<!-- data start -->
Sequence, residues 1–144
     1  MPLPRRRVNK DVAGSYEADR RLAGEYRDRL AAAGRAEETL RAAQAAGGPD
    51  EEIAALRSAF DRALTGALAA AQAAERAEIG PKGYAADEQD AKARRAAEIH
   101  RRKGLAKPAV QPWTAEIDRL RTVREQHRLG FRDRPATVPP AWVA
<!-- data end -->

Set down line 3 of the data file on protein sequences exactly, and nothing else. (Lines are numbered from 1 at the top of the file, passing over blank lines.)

    51  EEIAALRSAF DRALTGALAA AQAAERAEIG PKGYAADEQD AKARRAAEIH